... but it was our group that initiated the Melrose Art Show ...
Author's note: I have been three or four different people over the past 80 years. The significant parts were growing up in New Jersey (and finishing at Melrose High), Tufts University and subsequently a couple of years with the Marine Corps, then some twenty or thirty years as a journalist.
But I always have been an artist -- yes, even in the Corps, I painted, I drew, I photographed my platoon -- and got serious about this art in later life. There was a lengthy time, in the '70s, when I was one of a group of some twenty Melrose artists who strove to make a living with their skills. Some were teachers, some made it as artists with support of a more affluent spouse, and some just went in an opposite direction.
It was this group of twenty (or so) artists that started the annual artists' show at Memorial Hall, which, at that time, was clearly for Melrose artists -- no outsiders allowed, you had to live or work in Melrose to qualify for a show that was quite successful for, uuummm, some half-dozen years.
What happened was that, while Melrose residents were wealthy enough to support the annual show, they didn't have enough bread to share with these starving artists.
The show did well enough to stir broader interest in painting, and there became a group of some twenty budding artists to join a new class, held weekly in the basement of the First Baptist Church. The class was successful in that, for some five years, they not only studied painting, but they travelled as a group to museums all over New England. Norris was the teacher, organizer, leader and chauffeur for the group.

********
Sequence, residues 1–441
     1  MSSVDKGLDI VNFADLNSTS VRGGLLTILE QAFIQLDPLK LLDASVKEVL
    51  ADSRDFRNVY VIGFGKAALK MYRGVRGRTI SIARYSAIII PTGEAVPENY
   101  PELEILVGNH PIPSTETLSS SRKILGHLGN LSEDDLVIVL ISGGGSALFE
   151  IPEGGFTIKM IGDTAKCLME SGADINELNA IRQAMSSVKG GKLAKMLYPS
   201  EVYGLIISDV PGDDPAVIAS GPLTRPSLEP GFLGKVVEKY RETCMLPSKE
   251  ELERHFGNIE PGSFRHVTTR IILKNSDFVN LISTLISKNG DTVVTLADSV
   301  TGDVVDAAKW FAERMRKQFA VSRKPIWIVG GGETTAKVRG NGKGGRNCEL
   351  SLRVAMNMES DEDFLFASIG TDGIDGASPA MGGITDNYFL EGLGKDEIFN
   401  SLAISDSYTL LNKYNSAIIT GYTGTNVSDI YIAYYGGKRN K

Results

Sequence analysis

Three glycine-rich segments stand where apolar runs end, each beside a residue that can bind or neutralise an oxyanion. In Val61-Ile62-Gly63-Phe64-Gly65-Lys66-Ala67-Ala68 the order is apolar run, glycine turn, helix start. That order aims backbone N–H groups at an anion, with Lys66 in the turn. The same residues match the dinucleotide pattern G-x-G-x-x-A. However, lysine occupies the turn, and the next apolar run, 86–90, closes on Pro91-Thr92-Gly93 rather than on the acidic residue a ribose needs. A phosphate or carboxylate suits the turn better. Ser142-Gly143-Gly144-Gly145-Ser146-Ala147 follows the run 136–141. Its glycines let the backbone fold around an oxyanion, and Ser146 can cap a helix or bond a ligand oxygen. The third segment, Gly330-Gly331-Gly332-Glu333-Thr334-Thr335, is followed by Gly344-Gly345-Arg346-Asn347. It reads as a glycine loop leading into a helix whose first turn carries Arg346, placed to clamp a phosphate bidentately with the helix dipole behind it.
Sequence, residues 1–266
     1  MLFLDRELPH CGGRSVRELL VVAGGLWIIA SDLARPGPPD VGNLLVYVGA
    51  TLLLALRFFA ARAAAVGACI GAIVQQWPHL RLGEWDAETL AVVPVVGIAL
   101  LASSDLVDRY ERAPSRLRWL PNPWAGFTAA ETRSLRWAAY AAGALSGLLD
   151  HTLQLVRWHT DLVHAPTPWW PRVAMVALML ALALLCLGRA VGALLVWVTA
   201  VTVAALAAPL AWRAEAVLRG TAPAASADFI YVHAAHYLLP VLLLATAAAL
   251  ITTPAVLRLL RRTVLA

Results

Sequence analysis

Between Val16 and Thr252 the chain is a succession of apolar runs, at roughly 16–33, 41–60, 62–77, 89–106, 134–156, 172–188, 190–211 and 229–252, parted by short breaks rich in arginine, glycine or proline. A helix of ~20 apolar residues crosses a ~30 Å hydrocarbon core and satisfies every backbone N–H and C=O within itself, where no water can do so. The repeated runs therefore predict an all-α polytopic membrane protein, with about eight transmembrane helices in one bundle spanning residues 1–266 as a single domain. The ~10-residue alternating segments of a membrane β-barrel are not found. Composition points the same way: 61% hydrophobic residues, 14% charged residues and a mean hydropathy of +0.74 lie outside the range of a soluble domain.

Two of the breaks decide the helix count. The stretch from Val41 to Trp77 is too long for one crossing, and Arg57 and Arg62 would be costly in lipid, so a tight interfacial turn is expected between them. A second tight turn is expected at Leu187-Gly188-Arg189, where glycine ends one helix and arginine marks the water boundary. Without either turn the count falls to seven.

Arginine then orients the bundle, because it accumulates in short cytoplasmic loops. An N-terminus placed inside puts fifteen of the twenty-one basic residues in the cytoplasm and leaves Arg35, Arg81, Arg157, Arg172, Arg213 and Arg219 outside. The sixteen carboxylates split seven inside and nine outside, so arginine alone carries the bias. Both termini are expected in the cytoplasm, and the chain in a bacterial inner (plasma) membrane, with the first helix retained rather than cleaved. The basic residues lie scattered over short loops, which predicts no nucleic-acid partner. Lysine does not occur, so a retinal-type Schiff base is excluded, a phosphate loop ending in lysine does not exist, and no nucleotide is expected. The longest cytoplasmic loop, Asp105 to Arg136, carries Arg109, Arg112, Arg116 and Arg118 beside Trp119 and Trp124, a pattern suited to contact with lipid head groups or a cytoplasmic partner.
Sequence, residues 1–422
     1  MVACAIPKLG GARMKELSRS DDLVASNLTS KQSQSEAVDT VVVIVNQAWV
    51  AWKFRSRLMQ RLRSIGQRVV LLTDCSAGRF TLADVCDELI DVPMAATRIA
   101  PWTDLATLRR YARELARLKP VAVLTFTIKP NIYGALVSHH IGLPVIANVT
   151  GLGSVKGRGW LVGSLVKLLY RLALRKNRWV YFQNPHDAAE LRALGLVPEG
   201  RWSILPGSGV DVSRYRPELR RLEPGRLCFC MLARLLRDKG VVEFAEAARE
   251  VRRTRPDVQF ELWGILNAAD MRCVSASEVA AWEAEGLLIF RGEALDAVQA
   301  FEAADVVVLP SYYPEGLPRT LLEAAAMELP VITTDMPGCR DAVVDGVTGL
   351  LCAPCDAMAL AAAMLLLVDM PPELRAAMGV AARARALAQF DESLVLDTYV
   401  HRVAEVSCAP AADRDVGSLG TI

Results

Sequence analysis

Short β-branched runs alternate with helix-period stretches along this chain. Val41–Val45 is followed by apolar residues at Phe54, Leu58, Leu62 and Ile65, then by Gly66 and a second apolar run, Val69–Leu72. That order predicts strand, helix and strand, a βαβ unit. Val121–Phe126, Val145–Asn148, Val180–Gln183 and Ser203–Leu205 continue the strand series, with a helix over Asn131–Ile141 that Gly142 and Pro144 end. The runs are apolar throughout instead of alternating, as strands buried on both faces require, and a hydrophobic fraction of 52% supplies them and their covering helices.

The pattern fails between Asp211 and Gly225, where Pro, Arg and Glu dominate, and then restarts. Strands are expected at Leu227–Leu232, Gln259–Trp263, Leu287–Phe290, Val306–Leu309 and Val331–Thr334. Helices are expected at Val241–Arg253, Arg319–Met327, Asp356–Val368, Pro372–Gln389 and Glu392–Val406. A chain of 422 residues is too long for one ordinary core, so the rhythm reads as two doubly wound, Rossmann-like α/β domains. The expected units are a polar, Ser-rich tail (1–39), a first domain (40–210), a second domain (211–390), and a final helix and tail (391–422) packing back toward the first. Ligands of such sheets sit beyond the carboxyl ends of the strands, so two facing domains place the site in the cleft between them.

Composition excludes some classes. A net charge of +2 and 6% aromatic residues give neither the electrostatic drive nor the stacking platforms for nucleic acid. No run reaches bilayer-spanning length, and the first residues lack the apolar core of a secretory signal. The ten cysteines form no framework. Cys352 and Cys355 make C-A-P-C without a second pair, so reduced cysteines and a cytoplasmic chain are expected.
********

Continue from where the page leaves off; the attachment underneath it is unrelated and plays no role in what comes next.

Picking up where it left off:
Eventually the group grew older, and retired, or passed away. Suddenly, there was no annual art show at Memorial Hall, for quite a long while. And when it was revived, participation was made broader by admitting artists from other communities.
Earlier, during the early years of the art show, there was an official group of interested folks, appointed by the mayor, to support fine art in Melrose -- called the Melrose Arts Council. Norris applied and won $200 for a two-week excursion around New England, following the path of famous Gloucester artists, camping in his Volkswagen van, cooking dinner over an open fire and sleeping in his bus. His route took him to Vermont, New Hampshire and Maine -- even one day in Canada, following the path of the great artists.
"I made a lot of sketches during that trip," he said, "enough to supply me with work for the next year. And while my paintings were good, the price I asked was beyond what supporters wanted to afford. I kept going to Boston-area shows, and people said my stuff was outstanding -- but they couldn't afford the prices he put on them.'
Eventually Emil Gruppe died -- as did the Melrose art association. Our group fell apart, lost interest, switched interests, became good bridge players and golfers .... and hardly picked up another brush.
And the annual art show at Memorial Hall died. Suddenly there was no one with interest enough to produce it, much less participate. And the Baptist Church went through some re-organization, the painting group lost it's home, and everything in art just went to pieces. No more lessons at the Baptist Church, no more art shows at Memorial Hall.
Until a couple of decades later. At some point, a couple of ladies got the urge to renew the old art show at Memorial Hall --- only it wasn't restricted to local artists. Apparently some of the new organization objected to home-town requirements, so the invitation went out to area artists.
So far their plan has worked, and the old show is renewed. Whether it is profitable remains to be seen, although its continuity these past few years is encouraging.
Well, good for Melrose and it's ambitious organizers. Good for them. We wish them well. It keeps Melrose on the map of fine art.
June 3, 2016